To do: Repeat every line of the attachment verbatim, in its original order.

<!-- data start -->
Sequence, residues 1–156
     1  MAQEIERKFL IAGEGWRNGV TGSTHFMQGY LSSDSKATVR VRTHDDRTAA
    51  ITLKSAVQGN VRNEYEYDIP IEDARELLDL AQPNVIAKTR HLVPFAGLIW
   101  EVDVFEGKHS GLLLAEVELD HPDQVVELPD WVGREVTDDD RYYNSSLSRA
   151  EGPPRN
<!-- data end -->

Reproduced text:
Sequence, residues 1–156
     1  MAQEIERKFL IAGEGWRNGV TGSTHFMQGY LSSDSKATVR VRTHDDRTAA
    51  ITLKSAVQGN VRNEYEYDIP IEDARELLDL AQPNVIAKTR HLVPFAGLIW
   101  EVDVFEGKHS GLLLAEVELD HPDQVVELPD WVGREVTDDD RYYNSSLSRA
   151  EGPPRN